Linux Journal Contents #164, December 2007
The December issue of Linux Journal focuses on Linux-based notebooks. If you haven't yet experienced the joy of a finely tuned, preloaded Linux laptop, crack open James Gray's notebook buying guide to find yours. Once your notebook is purring like a kitten, make it snarl with this issue's wide selection of articles on maximizing its functionality. See Ben Martin's article setting up an on-line encrypted backup scheme, Federico Kereki's piece on getting wireless devices without native Linux support working with NDISwrapper and Surdas Mohit's how-to on making your notebook a triple-boot superstar.
Have an older notebook collecting dust? While Dan Sawyer argues that you should make it a multitrack recorder, Joseph Quigley says make it a server.
Had enough of notebooks for now? Turn your attention to our interview with Sean Moss-Pultz of the OpenMoko Project, whose goal is to create the world's best open mobile devices. Or, see what our world-class columnists have to say this month: Reuven Lerner connects Web apps to Facebook; Dave Taylor creates a command-line calculator app; Doc Searls observes geek-driven changes to the traditional corporation; and Marcel Gagné (who else would?) taunts you with glorious ASCII games from your childhood.
We hope you enjoy the notebook issue, and as always, we welcome your feedback.
The State of the Market: a Laptop Buying Guide
by James Gray
LJ helps you find the right Linux laptop.
On-line Encrypted Backups for Your Laptop
by Ben Martin
FUSE your laptop.
Getting Wireless the NDISwrapper Way
by Federico Kereki
The NDISwrapper for making wireless devices work on Linux.
My Triple-Boot Laptop
by Surdas Mohit
So nice, install it thrice.
Interview with Sean Moss-Pulz
by Adam M. Dutko
A glimpse into the mind of the phone liberator: Sean Moss-Pultz on the OpenMoko Project.
Portable Hard Disk Recorder How-To
by Dan Sawyer
Build a multitrack recorder on an old laptop.
Ye Old Laptop As A Server
by Joseph Quigley
Don't throw away that old laptop just yet.
Quake, Meet GPL; GPL, Meet
by Shawn Powers
What do you get when you cross Quake 3 with water balloons? A whole lot of fun!
Get Organized with Emacs Org-Mode
by Abhijeet Chavan
Is Emacs an editor or PIM?
by Daniel Bartholomew
Linux offerings from Grubby Games.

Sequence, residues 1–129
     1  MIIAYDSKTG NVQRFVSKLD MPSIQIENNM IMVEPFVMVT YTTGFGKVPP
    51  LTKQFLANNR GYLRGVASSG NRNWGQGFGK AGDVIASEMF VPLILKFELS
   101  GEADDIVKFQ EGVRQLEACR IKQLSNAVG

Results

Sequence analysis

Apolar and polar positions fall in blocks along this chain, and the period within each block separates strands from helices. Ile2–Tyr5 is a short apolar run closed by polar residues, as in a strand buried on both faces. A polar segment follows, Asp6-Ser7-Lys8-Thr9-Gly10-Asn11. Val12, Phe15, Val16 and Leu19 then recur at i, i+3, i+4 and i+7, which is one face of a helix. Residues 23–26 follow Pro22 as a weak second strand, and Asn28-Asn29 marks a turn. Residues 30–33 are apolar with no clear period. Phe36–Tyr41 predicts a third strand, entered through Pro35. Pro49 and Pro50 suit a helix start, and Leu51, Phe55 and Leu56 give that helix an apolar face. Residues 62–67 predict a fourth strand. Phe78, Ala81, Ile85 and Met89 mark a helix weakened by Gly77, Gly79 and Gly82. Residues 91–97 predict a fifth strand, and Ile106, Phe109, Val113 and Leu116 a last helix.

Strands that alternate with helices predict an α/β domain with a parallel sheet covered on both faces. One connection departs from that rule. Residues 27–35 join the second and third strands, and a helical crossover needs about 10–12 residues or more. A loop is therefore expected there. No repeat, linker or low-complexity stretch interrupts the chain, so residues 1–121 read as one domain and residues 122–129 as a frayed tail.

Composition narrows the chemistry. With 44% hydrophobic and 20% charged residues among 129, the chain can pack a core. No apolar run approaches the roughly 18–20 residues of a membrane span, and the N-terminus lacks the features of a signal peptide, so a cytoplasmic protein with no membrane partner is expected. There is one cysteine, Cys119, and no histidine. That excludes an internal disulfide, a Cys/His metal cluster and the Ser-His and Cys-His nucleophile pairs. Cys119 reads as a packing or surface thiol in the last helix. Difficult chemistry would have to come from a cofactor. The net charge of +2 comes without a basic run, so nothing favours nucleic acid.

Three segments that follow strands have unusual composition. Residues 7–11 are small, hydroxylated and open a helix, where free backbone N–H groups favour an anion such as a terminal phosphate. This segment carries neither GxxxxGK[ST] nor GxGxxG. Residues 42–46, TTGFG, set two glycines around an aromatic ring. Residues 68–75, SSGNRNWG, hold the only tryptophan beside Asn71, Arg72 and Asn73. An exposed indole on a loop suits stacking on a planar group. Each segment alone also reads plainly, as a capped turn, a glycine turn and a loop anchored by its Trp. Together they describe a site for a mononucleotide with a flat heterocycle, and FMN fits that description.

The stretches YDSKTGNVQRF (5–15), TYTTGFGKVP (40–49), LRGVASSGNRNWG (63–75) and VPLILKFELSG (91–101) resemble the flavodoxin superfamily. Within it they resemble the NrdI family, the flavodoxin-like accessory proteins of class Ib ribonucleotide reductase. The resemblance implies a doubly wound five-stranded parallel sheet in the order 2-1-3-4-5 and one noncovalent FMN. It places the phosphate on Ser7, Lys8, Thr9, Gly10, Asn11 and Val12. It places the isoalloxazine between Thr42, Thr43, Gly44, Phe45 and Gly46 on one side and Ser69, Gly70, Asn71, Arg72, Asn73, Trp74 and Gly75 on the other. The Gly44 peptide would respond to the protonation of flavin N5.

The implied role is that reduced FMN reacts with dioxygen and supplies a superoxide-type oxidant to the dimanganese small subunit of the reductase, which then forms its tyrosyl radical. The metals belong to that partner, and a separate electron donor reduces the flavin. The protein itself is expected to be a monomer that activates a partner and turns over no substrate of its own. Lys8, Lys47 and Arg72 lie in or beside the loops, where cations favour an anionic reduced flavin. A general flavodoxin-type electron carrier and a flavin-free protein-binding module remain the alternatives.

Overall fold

MySQL Stored Procedures: Next Big Thing or Relic of the Past?
by Guy Harrison
Do MySQL 5 Stored Procedures produce tiers of joy or sorrow?
Reuven M. Lerner's At the Forge
Marcel Gagné's Cooking with Linux
Exciting Arcade Action in Glorious ASCII
Dave Taylor's Work the Shell
Solve: a Command-Line Calculator
Doc Searls' EOF
The Power of the Individual, Modeled by Open-Source Development
In Every Issue
|Non-Linux FOSS: libnotify, OS X Style||Jun 18, 2013|
|Containers—Not Virtual Machines—Are the Future Cloud||Jun 17, 2013|
|Lock-Free Multi-Producer Multi-Consumer Queue on Ring Buffer||Jun 12, 2013|
|Weechat, Irssi's Little Brother||Jun 11, 2013|
|One Tail Just Isn't Enough||Jun 07, 2013|
|Introduction to MapReduce with Hadoop on Linux||Jun 05, 2013|
- Containers—Not Virtual Machines—Are the Future Cloud
- Non-Linux FOSS: libnotify, OS X Style
- Lock-Free Multi-Producer Multi-Consumer Queue on Ring Buffer
- Linux Systems Administrator
- Introduction to MapReduce with Hadoop on Linux
- RSS Feeds
- Weechat, Irssi's Little Brother
- Tech Tip: Really Simple HTTP Server with Python
- Validate an E-Mail Address with PHP, the Right Way
- Android's Limits
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Free Webinar: Hadoop
Some of key questions to be discussed are:
- What is the “typical” Hadoop cluster and what should be installed on the different machine types?
- Why should you consider the typical workload patterns when making your hardware decisions?
- Are all microservers created equal for Hadoop deployments?
- How do I plan for expansion if I require more compute, memory, storage or networking?